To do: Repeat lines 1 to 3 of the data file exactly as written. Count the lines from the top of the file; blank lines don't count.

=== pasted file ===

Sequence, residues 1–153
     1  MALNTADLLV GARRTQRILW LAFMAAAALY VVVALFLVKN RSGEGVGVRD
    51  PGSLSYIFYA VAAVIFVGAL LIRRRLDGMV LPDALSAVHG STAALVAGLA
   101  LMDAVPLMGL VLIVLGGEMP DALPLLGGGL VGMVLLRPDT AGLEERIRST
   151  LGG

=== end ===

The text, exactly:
Sequence, residues 1–153
     1  MALNTADLLV GARRTQRILW LAFMAAAALY VVVALFLVKN RSGEGVGVRD
    51  PGSLSYIFYA VAAVIFVGAL LIRRRLDGMV LPDALSAVHG STAALVAGLA